Similarly, there was something heartbreaking about knowing that the surviving characters will have to live with a terrible failure. It is rare for a superhero movie to end with the good guys not prevailing over the baddies, and even when that does happen it usually takes the form of an ambiguous ending rather than an outright defeat. Yet the failure of the superheroes in "Avengers: Infinity War" is so great, it seemingly eclipses all of their previous victories. Half of the life in the universe is gone because they weren't strong enough, smart enough or united enough to defeat a genocidal madman. A half-baked cosmic Malthusian philosophy has now reshaped all of existence because the good guys lost — badly. Superhero films are supposed to make us feel empowered, and yet few sights in popular cinema have been more profoundly disempowering than watching the surviving heroes at the Battle of Wakanda bow their heads in defeat after Thanos achieves his mission and leaves them in the dust-covered field.

Which brings us to the challenge that "Avengers: Endgame" will face. There is little doubt that most, if not all, of the characters killed off in "Avengers: Infinity War" will be brought back from the dead. Some of them already have planned sequels coming up (Spider-Man, the Guardians of the Galaxy), and even if they didn't, it is inconceivable that the Marvel Cinematic Universe would allow such a grim story development to remain standing. The question, therefore, is how those iconic characters will be brought back from the dead. Will it revive them in a way that is satisfying to the story? If other major characters in the MCU are killed off in "Endgame," will the writers find a way to establish that those deaths are permanent? Can the heroes kill Thanos in a way that sufficiently punishes him for having dealt them the blow of their grandest and most devastating failure?

If the new movie can't answer these questions satisfactorily — especially the first one, about how the heroes killed off are brought back to life — then the iconic final scene from "Avengers: Infinity War" won't stand the test of time. When future moviegoers look back at that moment, they'll cringe from the memory of how the payoff that it built up to simply didn't deliver in the final installment. Similarly, if "Avengers: Endgame" can't deliver satisfying conclusions to the story arcs of the superhero characters we've been following since the beginning of the Marvel Cinematic Universe — Iron Man, Captain America, Thor, the Incredible Hulk and all of their secondary characters — then this movie will be regarded as one of the ultimate letdowns, a spectacular finale that didn't deliver anything substantive beyond the spectacle.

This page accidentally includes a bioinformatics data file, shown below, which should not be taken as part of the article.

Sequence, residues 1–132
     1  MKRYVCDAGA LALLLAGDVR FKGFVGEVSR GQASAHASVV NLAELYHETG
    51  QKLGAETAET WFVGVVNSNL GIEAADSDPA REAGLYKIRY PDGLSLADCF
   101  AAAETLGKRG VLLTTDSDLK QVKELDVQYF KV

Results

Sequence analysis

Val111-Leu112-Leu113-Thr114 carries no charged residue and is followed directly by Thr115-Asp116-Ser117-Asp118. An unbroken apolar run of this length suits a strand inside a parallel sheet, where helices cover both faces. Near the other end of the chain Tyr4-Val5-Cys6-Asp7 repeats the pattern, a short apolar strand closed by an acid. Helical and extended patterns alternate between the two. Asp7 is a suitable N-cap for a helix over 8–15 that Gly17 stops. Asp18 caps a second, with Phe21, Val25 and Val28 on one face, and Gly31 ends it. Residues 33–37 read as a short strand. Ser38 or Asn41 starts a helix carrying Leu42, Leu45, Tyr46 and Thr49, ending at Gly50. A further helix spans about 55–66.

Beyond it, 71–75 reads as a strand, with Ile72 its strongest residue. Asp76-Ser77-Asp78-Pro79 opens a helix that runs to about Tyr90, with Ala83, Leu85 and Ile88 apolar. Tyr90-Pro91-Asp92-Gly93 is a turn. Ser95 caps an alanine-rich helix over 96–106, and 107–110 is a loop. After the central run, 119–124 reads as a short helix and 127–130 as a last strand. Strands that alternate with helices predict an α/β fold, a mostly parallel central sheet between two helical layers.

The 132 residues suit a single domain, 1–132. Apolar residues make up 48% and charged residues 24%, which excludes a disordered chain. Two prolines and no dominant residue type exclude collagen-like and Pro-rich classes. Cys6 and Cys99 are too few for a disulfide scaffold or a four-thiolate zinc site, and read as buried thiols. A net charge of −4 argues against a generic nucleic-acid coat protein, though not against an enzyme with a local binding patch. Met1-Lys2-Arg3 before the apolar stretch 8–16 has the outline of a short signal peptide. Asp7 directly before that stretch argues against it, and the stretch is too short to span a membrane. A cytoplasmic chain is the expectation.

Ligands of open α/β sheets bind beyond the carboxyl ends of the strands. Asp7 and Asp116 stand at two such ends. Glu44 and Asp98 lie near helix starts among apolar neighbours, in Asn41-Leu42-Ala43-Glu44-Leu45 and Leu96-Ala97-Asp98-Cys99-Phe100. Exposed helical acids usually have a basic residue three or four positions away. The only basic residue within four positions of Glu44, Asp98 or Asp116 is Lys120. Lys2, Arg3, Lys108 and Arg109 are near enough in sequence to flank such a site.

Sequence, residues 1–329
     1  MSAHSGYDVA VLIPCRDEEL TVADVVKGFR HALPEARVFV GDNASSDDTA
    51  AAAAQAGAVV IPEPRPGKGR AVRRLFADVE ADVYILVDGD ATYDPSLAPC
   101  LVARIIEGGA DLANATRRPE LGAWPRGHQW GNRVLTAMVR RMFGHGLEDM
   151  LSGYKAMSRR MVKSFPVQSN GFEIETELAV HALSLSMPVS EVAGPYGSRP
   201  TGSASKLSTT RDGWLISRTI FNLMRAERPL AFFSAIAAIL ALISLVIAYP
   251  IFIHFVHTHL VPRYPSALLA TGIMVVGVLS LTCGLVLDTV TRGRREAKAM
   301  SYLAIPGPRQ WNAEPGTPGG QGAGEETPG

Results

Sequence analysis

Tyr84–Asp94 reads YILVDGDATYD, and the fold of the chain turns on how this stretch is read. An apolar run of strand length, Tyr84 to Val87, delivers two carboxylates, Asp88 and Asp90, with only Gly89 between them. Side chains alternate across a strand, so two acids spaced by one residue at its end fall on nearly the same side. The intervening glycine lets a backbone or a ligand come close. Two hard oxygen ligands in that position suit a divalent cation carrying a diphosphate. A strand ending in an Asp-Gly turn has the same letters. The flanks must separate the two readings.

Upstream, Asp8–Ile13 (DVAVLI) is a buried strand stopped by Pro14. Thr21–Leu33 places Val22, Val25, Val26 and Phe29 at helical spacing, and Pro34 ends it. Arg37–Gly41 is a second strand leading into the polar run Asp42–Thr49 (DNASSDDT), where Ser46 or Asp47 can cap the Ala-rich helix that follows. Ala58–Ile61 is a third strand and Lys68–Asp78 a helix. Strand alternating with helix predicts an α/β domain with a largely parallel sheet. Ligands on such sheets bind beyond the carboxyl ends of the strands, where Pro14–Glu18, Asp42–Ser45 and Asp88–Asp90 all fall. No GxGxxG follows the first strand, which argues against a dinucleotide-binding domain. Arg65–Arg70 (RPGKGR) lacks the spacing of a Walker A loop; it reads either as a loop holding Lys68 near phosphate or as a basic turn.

The stakes couldn't be higher for "Avengers: Endgame,"and if the nearly sold-out screenings that I saw when I purchased my early ticket are any indication, they will have one of the largest audiences in history watching to determine whether they will rise to meet them.

By Matthew Rozsa

Matthew Rozsa is a staff writer at Salon. He received a Master's Degree in History from Rutgers-Newark in 2012 and was awarded a science journalism fellowship from the Metcalf Institute in 2022.